Marx wrote that ‘History repeats itself, first as tragedy, second as farce.’ This was witty but far from true. History is never repeated, but it borrows, steals, echoes and commandeers the past to create a hybrid, something unique out of the ingredients of past and present.
But what’s the historical precedent for this? Why is a preference, even a romanticism, for autocracy so deeply ingrained in the national psyche, perhaps even enough to keep them from fully embracing democracy? (That’s Svetlana Alexievich’s theory, at least.)
Beginning with Michael, the first member of the House of Romanov to ascend Russia’s throne and end the darkness of the Time of Troubles, and drawing to a bloody close over 300 years later with the murders of Nicholas II and his family in a basement in Ekaterinburg, historian Simon Sebag Montefiore, known for works including his definitive two-part Stalin biography (Young Stalin is one of the best biographies I’ve ever read) has done the kinda-seemingly-impossible, condensing three centuries of intense history into a readable account of the dynasty that formed Russia as it is, for better or worse.
I’m not big on reading about royals, but I have a Romanov-shaped exception, and the stories told here should make clear why. Truth being stranger than fiction is cliched, sure, but I’ve always felt that applies nowhere more strongly than Russian history. I mean:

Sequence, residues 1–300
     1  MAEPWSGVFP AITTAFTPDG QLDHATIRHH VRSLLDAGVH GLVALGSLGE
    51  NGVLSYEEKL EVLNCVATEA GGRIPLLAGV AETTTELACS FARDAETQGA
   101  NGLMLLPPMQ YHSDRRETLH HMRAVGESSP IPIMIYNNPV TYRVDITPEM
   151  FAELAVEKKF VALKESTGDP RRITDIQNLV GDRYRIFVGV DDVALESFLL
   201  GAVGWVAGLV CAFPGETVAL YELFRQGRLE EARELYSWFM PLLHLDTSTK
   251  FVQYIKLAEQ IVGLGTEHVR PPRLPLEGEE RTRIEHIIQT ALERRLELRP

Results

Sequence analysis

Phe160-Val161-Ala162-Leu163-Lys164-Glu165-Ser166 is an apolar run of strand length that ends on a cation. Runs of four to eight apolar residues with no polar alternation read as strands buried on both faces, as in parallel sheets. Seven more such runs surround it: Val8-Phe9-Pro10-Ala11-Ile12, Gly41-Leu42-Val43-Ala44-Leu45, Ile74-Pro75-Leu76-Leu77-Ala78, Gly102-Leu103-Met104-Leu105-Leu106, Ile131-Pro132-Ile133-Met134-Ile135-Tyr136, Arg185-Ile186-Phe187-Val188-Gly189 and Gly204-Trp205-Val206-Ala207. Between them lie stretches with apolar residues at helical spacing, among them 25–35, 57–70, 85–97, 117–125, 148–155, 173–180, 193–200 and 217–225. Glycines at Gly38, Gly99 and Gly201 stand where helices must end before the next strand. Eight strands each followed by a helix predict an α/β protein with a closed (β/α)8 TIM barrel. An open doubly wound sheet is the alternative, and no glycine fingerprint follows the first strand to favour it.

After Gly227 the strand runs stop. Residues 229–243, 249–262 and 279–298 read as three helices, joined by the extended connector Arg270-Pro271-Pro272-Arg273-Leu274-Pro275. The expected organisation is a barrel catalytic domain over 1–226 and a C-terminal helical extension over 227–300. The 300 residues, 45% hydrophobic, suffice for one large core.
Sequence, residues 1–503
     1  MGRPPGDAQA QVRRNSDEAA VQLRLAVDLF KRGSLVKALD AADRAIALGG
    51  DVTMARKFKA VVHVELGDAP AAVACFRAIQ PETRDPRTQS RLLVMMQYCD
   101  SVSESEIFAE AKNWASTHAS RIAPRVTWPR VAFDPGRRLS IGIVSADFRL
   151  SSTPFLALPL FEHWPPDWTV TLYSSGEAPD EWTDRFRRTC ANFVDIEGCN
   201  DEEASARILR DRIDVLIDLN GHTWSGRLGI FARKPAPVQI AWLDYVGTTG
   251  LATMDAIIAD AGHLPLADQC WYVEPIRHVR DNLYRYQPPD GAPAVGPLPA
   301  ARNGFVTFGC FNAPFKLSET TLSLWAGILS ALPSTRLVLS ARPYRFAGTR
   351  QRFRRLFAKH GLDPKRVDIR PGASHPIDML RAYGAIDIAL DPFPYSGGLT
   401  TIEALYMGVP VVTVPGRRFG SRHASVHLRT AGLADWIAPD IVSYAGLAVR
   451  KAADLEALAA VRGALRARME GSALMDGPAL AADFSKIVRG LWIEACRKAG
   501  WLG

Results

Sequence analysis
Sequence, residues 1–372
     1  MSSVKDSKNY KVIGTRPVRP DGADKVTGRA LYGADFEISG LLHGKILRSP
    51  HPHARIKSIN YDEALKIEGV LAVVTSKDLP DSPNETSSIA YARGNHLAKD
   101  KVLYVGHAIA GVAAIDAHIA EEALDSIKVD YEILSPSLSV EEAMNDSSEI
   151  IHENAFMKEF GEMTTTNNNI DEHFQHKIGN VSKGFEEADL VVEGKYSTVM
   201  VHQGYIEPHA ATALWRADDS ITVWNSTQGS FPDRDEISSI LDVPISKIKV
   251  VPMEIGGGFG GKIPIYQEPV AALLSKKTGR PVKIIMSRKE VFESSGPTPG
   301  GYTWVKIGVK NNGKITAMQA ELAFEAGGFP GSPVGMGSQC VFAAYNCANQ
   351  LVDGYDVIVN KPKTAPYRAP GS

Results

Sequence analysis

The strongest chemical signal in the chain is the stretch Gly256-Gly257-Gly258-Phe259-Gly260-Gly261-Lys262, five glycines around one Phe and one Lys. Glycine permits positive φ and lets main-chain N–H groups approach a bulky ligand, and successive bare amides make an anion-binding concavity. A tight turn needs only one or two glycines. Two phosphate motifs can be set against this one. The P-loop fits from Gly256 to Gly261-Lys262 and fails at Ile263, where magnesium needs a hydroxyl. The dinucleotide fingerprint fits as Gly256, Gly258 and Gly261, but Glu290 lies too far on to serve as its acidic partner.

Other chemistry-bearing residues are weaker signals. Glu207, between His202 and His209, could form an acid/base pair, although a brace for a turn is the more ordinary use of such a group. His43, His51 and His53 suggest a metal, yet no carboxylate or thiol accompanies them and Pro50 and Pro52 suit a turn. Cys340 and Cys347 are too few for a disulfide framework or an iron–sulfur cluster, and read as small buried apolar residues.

The Romanovs inhabit a world of family rivalry, imperial ambition, lurid glamour, sexual excess and depraved sadism; this is a world where obscure strangers suddenly claim to be dead monarchs reborn, brides are poisoned, fathers torture their sons to death, sons kill fathers, wives murder husbands, a holy man, poisoned and shot, arises, apparently, from the dead, barbers and peasants ascend to supremacy… tongues torn out, flesh knouted off bodies, rectums impaled, children slaughtered; here are fashion-mad nymphomaniacal empresses, lesbian ménage à trois, and an emperor who wrote the most erotic correspondence ever written by a head of state. Yet this is also the empire built by flinty conquistadors and brilliant statesmen that conquered Siberia and Ukraine, took Berlin and Paris, and produced Pushkin, Tolstoy, Tchaikovsky and Dostoevsky; a civilization of towering culture and exquisite beauty.
There were two themes that I noticed cropping up again and again in terms of where Montefiore focused his attentions, and these will probably not shock you. In addition to everything being simultaneously glittery, decadent, and blood-soaked in general, the Romanovs were constantly engaged in a lot of sex and war. Those were just kind of their things from the beginning. I was more interested in one of these topics than the other, so your personal interest level may be adjusted throughout too, depending on your preference. He also has a penchant for capturing dramatic insults. Every time he started describing someone getting mad or irritated I uncapped my pen because the insult that was surely coming was something so raunchily, creatively nasty that you’ll want to have it in your arsenal. Just in case.